Mario Batali had a victory in court on Tuesday, May 10, when a judge declared him not guilty of allegedly groping a woman in a Boston restaurant in 2017. The once-beloved celebrity chef, known for his pasta sauces and orange Crocs, is still facing civic charges stemming from the same allegation, not to mention all the other allegations of misconduct that have been leveled against him in the past five years.
Mario Batali was acquitted of allegedly groping a customer in 2017.
Batali’s recent court victory stems from a 2019 charge of indecent assault and battery for allegedly groping a woman and forcibly kissing her at a Boston restaurant in 2017. At the time, Batali pleaded not guilty, and, via his attorney, Anthony Fuller, maintained his innocence. “He intends to fight the allegations vigorously and we expect the outcome to fully vindicate Mr. Batali,” Fuller said in a statement, per the Associated Press. Three years later, the case has finally come to a close, with Judge James Stanton declaring Batali not guilty of the charges.
According to reports, Batali did not testify at his hearing, but Natali Tene, the woman accusing him, did. She claimed that he groped her while they were taking a photo together. “His right hand is all over my breasts, all over my rear end, all between my legs,” she told the court. “I’ve never been grabbed like that before.” She claimed he was “squeezing my vagina and pulling me closer to him. As if that’s a normal way to pull someone in.” The judge was not convinced, citing “significant credibility issues” as a reason behind his not guilty verdict.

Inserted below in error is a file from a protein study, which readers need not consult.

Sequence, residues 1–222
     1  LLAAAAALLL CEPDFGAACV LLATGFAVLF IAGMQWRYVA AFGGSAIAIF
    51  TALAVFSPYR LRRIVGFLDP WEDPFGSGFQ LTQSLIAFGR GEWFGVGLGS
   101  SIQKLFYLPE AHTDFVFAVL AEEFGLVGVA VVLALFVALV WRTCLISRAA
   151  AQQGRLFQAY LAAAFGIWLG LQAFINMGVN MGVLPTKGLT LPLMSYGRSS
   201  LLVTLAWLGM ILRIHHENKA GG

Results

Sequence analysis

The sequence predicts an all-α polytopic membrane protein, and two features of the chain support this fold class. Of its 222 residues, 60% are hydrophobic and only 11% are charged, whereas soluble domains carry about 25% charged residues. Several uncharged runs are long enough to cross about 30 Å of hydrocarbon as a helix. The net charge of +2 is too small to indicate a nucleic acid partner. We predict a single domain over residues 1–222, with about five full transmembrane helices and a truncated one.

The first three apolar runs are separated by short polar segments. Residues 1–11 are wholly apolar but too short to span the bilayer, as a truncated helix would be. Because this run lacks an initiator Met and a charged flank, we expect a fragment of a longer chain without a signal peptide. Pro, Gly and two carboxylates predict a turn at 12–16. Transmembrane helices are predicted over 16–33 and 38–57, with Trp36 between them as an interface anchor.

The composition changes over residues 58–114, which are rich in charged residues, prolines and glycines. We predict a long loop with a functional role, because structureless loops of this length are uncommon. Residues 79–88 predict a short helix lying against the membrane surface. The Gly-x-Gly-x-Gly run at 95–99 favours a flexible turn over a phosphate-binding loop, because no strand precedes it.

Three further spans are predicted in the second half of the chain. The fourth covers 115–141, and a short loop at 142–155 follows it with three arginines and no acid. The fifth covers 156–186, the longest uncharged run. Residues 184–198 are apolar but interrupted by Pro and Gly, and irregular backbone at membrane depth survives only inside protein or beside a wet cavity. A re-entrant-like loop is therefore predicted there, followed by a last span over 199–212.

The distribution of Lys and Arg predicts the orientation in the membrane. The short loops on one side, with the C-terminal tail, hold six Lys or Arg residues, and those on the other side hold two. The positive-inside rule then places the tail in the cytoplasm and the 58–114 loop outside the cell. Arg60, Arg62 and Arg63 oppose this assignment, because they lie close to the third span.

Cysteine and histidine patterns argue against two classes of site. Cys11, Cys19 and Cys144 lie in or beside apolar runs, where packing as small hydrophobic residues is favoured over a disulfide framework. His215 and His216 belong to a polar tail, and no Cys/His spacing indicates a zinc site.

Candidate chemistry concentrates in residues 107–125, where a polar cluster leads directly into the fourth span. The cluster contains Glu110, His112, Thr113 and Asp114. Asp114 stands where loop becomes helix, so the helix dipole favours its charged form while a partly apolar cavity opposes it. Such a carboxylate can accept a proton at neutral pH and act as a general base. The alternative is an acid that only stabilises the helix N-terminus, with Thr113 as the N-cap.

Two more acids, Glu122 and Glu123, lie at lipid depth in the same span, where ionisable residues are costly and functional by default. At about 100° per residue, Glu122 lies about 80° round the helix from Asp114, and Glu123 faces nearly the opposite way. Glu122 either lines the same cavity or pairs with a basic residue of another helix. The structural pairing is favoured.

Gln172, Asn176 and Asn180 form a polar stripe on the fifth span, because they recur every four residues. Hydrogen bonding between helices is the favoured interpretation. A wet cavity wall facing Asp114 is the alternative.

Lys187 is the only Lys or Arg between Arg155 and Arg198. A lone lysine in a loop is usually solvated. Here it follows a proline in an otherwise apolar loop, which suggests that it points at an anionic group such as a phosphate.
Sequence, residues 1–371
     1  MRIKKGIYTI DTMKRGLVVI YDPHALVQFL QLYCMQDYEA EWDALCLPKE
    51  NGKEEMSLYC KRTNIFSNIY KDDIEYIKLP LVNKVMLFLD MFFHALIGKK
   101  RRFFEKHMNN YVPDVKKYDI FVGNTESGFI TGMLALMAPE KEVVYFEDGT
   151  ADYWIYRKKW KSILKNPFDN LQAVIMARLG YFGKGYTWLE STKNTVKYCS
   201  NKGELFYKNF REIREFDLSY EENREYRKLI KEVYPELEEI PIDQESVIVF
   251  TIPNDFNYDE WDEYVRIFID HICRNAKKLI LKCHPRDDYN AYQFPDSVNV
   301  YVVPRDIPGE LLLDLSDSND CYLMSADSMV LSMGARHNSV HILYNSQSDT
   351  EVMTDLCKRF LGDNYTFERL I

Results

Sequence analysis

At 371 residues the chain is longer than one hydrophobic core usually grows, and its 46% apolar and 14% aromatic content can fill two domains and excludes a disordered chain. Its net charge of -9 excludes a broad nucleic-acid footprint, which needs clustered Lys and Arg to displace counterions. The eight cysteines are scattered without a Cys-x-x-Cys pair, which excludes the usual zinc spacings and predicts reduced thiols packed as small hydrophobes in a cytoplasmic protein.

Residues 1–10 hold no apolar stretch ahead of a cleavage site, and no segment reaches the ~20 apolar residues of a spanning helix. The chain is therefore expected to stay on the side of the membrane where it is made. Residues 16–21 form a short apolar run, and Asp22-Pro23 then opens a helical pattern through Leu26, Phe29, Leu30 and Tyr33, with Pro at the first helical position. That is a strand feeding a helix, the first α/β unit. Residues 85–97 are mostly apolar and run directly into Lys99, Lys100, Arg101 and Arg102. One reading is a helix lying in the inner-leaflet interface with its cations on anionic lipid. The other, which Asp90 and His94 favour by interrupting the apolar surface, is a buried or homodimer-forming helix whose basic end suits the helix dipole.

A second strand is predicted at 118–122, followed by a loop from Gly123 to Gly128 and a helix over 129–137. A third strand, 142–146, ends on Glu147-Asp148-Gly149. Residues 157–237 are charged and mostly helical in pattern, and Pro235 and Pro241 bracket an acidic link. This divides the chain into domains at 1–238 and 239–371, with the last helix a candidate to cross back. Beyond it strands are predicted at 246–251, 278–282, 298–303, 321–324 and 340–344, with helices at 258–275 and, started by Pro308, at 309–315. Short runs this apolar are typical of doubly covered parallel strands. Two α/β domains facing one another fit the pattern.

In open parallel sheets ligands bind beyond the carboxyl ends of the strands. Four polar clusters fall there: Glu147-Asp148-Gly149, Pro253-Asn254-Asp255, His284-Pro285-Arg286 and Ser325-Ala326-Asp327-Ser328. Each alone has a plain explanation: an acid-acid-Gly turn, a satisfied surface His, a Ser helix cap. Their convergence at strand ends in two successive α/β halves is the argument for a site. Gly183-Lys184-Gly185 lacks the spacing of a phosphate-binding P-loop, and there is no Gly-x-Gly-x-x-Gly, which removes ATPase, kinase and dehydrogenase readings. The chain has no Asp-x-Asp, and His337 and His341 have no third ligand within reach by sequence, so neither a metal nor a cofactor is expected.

According to Batali’s attorneys, photo and video from the interaction didn’t support her version of events, and the judge ruled that a previous attempt to dodge a $200 gym membership fee allegedly using fake legal documents also hurt the plaintiff, saying it seemed to “support the defendant’s contention that her motive was financial gain.” Tene denied this claim.
Tene’s civil suit against Batali is still ongoing. She is reportedly seeking over $50,000 in damages.
Batali still faces many more allegations of misconduct, spanning decades.
Rumors of Mario Batali’s inappropriate behavior with staff and fans have been circulating for years. In 2017, an exposé published by Eater recounted many past accusations of inappropriate behavior in the workplace, and cited four women who accused the chef of inappropriate touching. The allegations in the piece ranged from claims of bra-snapping in the kitchen at his ’90s restaurant, to groping, to using sexual innuendo and inappropriate language in the workplace.